Proposed NFL StadiumEdit
As Carson has large tracts of undeveloped land, unusual for a city in such close proximity to metropolitan Los Angeles, various plans for the use of the land have been proposed. One such tract of land located at Del Amo Boulevard, west of the 405, has attracted particular attention as a potential site for a National Football League stadium. An outdoor power center complex called Carson Marketplace was originally planned for the site. In February 2015, however, the Marketplace plans were scrapped in favor of a $1.2 billion National Football League stadium, backed by Goldman Sachs, that would host both the Oakland Raiders and the then-San Diego Chargers. The NFL had previously considered the site as a location for a stadium, but the plans stalled after it was discovered that the site was once used as a toxic waste dump and would require an extensive clean-up operation before construction was legally allowed to commence. In May 2015, the Carson City Council allocated $50 million to clean up the site for either the dual NFL stadium or the originally planned Carson Marketplace as a fallback should the NFL stadium not come to fruition.
On January 12, 2016, NFL owners rejected Carson's bid to host an NFL stadium in favor of the competing bid in Inglewood backed by Rams owner Stan Kroenke.
1921 marked the first drilling for oil at Dominguez Hill, on the northwest side of the Dominguez Rancho, site of the famous battle during the Mexican–American War called the Battle of Dominguez Rancho in 1846. The mineral rights to this property were owned by Carson Estate Company, the Hellman Family, the Dominguez Estate Company, and the Burnham Exploration Company of Frederick Russell Burnham. On September 7, 1923, Burnham Exploration partnering with Union Oil brought in the first producer on the site: Callender No. 1-A well at a depth of 4,068 feet (1,240 m) and 1,193 barrels per day (189.7 m3/d). Before long a number of refineries were up and running, with over 350 oil derricks, tank farms, and sprawling industrial complexes becoming a familiar part of the scenery. The principal leases were with Shell Oil Company and Union Oil of California and the first two wells were located west of Central Avenue and north of Victoria Street. Oil led to an increase in jobs in the community and a subsequent post-war population surge. An average of 300 barrels per day (48 m3/d) was produced from each of these wells through 1960.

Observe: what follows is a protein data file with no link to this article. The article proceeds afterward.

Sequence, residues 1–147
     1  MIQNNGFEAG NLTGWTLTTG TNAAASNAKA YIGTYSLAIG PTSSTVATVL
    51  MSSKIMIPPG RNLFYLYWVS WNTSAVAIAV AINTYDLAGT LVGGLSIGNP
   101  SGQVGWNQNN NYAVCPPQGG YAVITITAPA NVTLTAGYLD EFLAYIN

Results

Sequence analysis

In 2011, Shell was ordered by the Los Angeles Regional Water Quality Control Board to clean up the Carousel neighborhood after benzene and methane gas contamination was discovered, as well as soil and groundwater contamination.
As of 2013, the top ten employers in the city were:
|#||Employer||# of Employees|
|1||Prime Wheel Corporation||417|
|2||See's Candy Shops Inc.||404|
|4||Mag Aerospace Industries||377|
|5||Cedarlane Natural Foods Inc.||302|
|6||Sourcecorp Bps Inc.||301|
|7||General Mills Operations LLC||287|
|8||Xerox Education Services Inc.||278|
|9||The Pepsi Bottling Group||276|